My previous article described how and why to use a surrogate key structure, as an alternative to natural data keys, to implement relationships between tables. It also provides eight stored procedures to support the architecture. This article builds on that foundation with a framework for the proposed database architecture. It describes six standard table columns, six standard stored procedures, one standard user-defined function and two standard triggers. It also provides 12 stored procedures to create and manage the standard objects.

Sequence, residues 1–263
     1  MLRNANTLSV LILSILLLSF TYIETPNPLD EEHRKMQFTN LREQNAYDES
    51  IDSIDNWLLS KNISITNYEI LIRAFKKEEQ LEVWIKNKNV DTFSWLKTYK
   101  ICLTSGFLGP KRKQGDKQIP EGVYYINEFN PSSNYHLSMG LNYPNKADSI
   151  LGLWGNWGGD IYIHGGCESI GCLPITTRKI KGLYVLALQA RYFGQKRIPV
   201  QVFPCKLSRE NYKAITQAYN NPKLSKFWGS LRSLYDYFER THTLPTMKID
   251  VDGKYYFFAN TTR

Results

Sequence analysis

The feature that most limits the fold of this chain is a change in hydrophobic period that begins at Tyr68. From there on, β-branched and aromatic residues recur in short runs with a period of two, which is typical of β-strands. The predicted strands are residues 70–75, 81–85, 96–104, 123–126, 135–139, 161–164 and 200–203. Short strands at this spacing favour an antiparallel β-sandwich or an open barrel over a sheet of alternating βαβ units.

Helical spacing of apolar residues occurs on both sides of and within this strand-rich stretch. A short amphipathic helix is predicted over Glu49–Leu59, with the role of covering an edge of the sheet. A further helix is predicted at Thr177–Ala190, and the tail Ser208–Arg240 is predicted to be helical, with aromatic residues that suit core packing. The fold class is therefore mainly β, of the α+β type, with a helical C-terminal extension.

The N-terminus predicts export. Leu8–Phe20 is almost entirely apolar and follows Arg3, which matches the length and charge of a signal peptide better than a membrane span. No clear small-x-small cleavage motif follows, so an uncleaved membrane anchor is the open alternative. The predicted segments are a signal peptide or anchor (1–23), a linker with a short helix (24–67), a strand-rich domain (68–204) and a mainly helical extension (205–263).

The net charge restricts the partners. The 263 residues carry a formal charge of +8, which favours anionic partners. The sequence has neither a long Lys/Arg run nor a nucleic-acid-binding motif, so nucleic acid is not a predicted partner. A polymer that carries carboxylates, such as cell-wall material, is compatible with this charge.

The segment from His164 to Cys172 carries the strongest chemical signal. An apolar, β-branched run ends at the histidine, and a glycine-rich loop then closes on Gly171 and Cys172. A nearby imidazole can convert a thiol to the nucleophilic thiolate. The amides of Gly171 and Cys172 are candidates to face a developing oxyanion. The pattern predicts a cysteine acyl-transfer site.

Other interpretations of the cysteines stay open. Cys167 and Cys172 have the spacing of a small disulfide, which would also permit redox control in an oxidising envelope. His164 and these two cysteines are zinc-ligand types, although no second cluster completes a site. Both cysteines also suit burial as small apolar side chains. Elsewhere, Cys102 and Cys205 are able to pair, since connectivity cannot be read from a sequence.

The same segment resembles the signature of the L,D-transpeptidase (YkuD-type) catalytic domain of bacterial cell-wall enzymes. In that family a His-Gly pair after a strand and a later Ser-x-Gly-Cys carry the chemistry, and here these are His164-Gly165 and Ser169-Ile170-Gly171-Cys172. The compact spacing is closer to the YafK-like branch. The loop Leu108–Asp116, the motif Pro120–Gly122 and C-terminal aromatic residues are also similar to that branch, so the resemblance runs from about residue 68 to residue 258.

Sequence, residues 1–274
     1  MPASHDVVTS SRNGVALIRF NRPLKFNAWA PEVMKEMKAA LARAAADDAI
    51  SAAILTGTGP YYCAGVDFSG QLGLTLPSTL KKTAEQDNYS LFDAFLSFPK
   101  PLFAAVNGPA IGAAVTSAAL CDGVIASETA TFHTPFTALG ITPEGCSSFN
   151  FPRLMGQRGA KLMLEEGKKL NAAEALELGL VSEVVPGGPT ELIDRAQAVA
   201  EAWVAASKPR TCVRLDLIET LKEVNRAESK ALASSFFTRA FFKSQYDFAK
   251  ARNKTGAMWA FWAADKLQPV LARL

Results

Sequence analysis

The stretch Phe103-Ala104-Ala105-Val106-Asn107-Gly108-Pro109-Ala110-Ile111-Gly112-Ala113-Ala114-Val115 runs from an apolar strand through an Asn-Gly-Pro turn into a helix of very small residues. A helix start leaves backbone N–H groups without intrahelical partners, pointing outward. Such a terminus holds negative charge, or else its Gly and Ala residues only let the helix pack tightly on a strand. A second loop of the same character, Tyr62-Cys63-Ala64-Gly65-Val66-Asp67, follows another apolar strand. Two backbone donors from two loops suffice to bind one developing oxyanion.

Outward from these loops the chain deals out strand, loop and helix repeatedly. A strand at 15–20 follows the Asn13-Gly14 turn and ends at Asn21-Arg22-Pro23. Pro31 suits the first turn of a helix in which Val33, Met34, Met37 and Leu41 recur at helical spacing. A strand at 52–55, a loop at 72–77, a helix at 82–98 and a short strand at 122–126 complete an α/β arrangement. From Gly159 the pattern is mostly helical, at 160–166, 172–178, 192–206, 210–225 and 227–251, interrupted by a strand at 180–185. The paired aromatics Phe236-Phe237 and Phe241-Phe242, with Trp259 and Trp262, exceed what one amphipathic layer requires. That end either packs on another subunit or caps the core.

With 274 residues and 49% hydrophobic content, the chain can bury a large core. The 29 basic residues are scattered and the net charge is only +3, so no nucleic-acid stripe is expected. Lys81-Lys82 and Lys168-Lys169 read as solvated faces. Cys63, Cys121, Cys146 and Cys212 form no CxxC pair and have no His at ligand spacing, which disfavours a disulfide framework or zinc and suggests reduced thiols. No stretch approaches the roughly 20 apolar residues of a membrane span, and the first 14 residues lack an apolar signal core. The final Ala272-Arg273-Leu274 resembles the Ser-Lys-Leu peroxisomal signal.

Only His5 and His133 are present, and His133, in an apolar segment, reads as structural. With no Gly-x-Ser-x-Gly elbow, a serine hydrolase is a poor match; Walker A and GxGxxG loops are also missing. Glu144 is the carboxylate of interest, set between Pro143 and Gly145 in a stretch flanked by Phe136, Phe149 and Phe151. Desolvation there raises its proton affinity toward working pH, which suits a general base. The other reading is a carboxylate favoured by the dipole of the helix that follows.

Columns and objects to support a surrogate key architecture
Part 1: Overview of proposed surrogate key architecture
Part 2: Dealing with concurrent access
Part 3: Standard routines for each table
Part 4: Stored procedures: Create and manage standard objects
|ABOUT THE AUTHOR:|
| Brian Walker
Brian Walker is a senior database architect in an IS department that uses SQL Server 2000 and the .NET Framework. He has more than 25 years of experience in the IT industry with the last several years focused on databases and SQL Server. Walker is a software developer, database developer, database administrator and database consultant. He develops utility software as a hobby, including a large collection of SQL Server utilities.
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